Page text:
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The use of degraded and shade cocoa forests by Endangered golden-headed lion tamarins Leontopithecus chrysomelas


Becky E. Raboy a1c1p1, Mary C. Christman a2 and James M. Dietz a1
a1 Department of Biology, University of Maryland, College Park, MD 20742, USA
a2 Department of Animal and Avian Sciences, University of Maryland, College Park, MD 20742, USA

Article author query
raboy be   [PubMed][Google Scholar] 
christman mc   [PubMed][Google Scholar] 
dietz jm   [PubMed][Google Scholar] 

Abstract

Determining habitat requirements for threatened primates is critical to implementing conservation strategies, and plans incorporating metapopulation structure require understanding the potential of available habitats to serve as corridors. We examined how three groups of golden-headed lion tamarins Leontopithecus chrysomelas in Southern Bahia, Brazil, used mature, swamp, secondary and shade cocoa (cabruca) forests. Unlike callitrichids that show affinities for degraded forest, Leontopithecus species are presumed to depend on primary or mature forests for sleeping sites in tree holes and epiphytic bromeliads for animal prey. In this study we quantified resource availability within each habitat, compared the proportion of time spent in each habitat to that based on availability, investigated preferences for sleeping site selection, and determined how golden-headed lion tamarins allocated time to foraging behaviour in different habitats. Each group preferred to range in certain habitats during the day, yet patterns were not consistent across groups. In contrast, all groups preferred to sleep in mature or cabruca forest. Golden-headed lion tamarins spent a greater proportion of time foraging and eating fruits, flowers and nectar in cabruca than in mature or secondary forests. Although the extent to which secondary and cabruca forests can completely sustain breeding groups is unresolved, we conclude that both habitats would make suitable corridors for the movement of tamarins between forest fragments, and that the large trees remaining in cabruca are important sources of food and sleeping sites. We suggest that management plans for golden-headed lion tamarins should focus on protecting areas that include access to tall forest, either as mature or cabruca, for the long-term conservation of the species.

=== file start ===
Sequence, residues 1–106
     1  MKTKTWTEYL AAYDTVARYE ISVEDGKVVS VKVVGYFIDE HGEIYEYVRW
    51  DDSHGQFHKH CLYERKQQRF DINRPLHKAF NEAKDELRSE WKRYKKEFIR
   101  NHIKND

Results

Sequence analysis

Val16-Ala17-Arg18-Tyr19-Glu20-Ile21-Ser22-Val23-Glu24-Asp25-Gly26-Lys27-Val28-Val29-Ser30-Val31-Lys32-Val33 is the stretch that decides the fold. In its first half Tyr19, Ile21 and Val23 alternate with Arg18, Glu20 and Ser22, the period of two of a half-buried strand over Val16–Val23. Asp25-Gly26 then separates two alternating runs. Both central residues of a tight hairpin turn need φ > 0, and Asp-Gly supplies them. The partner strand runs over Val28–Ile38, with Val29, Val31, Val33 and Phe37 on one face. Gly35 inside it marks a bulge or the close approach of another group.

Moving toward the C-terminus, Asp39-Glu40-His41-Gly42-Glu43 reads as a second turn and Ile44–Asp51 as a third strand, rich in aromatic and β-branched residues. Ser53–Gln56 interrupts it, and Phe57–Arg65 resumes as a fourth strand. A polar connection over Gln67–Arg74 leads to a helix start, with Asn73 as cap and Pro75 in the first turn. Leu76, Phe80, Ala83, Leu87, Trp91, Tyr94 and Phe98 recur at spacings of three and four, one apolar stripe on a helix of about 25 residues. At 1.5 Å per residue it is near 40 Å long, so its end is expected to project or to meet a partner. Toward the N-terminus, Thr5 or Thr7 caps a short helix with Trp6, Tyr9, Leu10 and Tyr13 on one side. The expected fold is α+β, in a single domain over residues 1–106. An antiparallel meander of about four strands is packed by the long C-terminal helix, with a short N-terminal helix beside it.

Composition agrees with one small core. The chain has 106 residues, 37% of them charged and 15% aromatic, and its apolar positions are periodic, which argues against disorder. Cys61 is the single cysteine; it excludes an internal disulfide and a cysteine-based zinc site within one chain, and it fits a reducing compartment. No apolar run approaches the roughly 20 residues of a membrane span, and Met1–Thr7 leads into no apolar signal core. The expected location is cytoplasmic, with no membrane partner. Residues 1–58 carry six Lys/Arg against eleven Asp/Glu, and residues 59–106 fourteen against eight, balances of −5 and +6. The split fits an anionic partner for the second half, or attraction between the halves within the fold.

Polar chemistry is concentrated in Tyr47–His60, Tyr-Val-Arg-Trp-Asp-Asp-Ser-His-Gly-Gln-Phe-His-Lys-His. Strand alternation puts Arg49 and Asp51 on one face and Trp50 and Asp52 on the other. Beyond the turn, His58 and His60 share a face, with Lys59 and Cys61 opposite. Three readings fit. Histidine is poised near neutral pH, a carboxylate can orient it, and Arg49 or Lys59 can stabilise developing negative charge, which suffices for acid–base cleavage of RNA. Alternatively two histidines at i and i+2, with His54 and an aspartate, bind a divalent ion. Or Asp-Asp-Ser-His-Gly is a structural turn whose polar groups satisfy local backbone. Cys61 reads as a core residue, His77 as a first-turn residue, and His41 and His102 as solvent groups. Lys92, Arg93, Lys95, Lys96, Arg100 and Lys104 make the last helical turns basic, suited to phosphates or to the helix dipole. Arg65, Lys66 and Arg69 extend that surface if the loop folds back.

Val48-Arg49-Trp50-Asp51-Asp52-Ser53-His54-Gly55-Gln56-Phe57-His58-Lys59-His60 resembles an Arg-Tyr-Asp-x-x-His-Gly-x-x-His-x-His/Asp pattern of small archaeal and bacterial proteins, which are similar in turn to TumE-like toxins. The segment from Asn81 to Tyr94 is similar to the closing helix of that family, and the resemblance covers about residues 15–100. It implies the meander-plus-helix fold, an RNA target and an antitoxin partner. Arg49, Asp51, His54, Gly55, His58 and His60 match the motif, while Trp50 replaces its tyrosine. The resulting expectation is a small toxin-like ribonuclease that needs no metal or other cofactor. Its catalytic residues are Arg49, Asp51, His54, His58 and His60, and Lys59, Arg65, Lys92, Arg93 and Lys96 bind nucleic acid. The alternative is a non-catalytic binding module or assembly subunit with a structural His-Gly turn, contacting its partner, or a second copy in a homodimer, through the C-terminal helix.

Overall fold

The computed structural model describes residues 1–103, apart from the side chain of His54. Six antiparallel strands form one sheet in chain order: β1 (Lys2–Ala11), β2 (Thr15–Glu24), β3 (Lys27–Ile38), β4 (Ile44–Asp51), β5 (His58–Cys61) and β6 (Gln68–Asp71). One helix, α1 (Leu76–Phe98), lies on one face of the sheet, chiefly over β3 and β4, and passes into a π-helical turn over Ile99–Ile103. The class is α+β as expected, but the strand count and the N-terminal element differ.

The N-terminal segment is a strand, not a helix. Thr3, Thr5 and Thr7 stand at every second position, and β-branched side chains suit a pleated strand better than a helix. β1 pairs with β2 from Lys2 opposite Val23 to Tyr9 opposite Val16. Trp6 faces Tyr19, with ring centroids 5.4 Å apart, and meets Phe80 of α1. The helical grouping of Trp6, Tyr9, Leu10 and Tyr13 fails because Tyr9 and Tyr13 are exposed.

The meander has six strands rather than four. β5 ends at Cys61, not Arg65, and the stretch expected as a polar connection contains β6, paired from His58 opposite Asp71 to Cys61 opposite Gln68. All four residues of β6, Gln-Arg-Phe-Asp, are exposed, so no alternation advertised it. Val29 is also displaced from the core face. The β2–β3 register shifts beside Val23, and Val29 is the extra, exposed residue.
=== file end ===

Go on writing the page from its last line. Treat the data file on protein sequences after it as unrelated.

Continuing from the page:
(Received September 11 2002)
(Revised January 30 2003)
(Accepted June 20 2003)


Key Words: Atlantic rainforest; Brazil; Callitrichidae; golden-headed lion tamarins; habitat use; Leontopithecus chrysomelas; shade cocoa; Southern Bahia.

Correspondence:
c1 Correspondence: Department of Biology, University of Maryland, College Park, MD 20742, USA. E-mail: raboyb@mail.nih.gov
p1 Present address: Department of Conservation Biology, Conservation and Research Center, National Zoological Park, Smithsonian Institution, Washington, DC 20008, USA


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